Benefits of electronics cash book accounting

Thanks to professional software solutions, cash book accounting has become relatively simple. Entry into an electronic cash book means not only less effort but also more safety when it comes to the annual audit. Then, in the case that tax authorities are unclear about something, you can quickly answer all of their questions without having to first go through your cash book. Above all, it’s important that your cash book meets all of the requirements of the tax office. It doesn’t so much matter whether you’re creating your cash book based on an Excel table or with the help of a professional finance software.

Professional finance software allows you to keep your books in an efficient, time-saving, and accurate manner. It reliably stores all cash book entries and directly creates the corresponding documents. All of the documents required by the tax office are available for download.For example, if you operate an open checkout in your company, you can create a cash report with just a click and forward it directly to the tax office. At the same time, you always have an accurate overview of the financial situation of your company.

In general, there are three different types of cash book accounting software:

1. Templates for Word and Excel Benefits: Fast download; Simple operation - Drawbacks: Can be manipulated (and so rejected by the tax office) Suitable for small, non-accountable businesses
2. Online tools Benefits: Accessible from all devices; No installation necessary - Drawbacks: Data security isn’t always sufficient Suitable for small and medium-sized, accountable businesses
1. Professional finance software Benefits: High performance and reliable - Drawbacks: Installation necessary; potentially expensive Suitable for medium-sized and large, accountable businesses

Depending on how big your business is, whether it’s accountable or not, and how much your business operates with cash transactions, a special cash book software will make more or less sense for your business. For businesses or associations that aren’t accountable, cash books in the form of simple Excel spreadsheets are perfect, while large companies that do require bookkeeping benefit substantially from the many features of cash book software.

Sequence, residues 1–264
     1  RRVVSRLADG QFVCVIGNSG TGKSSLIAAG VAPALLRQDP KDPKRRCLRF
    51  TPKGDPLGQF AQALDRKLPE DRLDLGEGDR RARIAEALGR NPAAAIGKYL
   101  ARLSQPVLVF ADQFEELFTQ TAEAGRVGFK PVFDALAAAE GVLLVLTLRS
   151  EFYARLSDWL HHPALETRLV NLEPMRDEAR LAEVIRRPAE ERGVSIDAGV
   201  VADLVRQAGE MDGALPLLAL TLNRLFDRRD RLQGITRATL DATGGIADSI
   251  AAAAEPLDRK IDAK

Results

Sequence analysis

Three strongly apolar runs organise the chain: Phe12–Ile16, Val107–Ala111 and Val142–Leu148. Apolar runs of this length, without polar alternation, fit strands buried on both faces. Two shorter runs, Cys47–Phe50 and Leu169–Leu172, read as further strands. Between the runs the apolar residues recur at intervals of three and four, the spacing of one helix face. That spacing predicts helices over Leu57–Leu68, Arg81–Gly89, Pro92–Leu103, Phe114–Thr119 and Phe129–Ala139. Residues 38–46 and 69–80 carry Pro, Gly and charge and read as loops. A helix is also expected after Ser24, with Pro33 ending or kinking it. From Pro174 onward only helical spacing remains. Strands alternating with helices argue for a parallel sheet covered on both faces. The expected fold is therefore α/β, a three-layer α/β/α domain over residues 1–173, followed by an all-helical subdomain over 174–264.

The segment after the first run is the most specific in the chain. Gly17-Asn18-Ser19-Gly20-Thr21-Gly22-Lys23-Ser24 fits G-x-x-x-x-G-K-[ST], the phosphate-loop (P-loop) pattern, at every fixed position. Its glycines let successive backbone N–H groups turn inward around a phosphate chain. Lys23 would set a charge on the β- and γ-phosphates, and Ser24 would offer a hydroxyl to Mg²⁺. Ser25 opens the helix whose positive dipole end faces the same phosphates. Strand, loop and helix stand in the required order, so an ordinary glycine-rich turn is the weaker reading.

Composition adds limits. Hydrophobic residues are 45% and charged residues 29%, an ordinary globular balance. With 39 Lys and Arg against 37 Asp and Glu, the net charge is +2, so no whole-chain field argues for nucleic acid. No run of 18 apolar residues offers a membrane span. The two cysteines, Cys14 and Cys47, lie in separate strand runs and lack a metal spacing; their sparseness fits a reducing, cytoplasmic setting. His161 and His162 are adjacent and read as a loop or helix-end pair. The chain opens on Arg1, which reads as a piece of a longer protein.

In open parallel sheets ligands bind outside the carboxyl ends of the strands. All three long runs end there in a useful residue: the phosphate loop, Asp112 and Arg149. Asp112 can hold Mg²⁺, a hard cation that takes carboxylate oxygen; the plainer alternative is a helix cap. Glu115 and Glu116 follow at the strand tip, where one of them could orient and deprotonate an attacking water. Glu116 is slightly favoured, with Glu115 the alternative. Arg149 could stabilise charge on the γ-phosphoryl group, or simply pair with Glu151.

What risks do you run with faulty bookkeeping?

Errors in the cash book indicate improper financial accounting and aren’t accepted by the HMRC. If there are violations that break the law or policy - i.e. due to missing information or subsequent changes - the tax office can penalise you. The best way to avoid penalties is by filing payments on time and ensuring that they are accurate. If you file your tax return and later realise there is a mistake, it is your duty to notify the HMRC of the error. An overview of tax penalties is available on their website.

Depending on the range and severity of the violations, you could face the following penalties or criminal proceedings:

  • Extra tax due
  • If a penalty arises because of a lack of reasonable care, the penalty will be between 0% and 30% of the extra tax due
  • If the error is deliberate, the penalty will be between 20% and 70% of the extra tax due
  • If the error is deliberate and concealed, the penalty will be between 30% and 100% of the extra tax due
  • Penalties based on foreign jurisdiction (in the case of offshore penalties)
  • Criminal prosecution for tax evasion

It is important to keep in mind that penalties can be reduced by helping the HMRC correct the errors, so it is always in your best interest to notify the tax office if you catch a mistake in your tax records.

Please note the legal disclaimer relating to this article.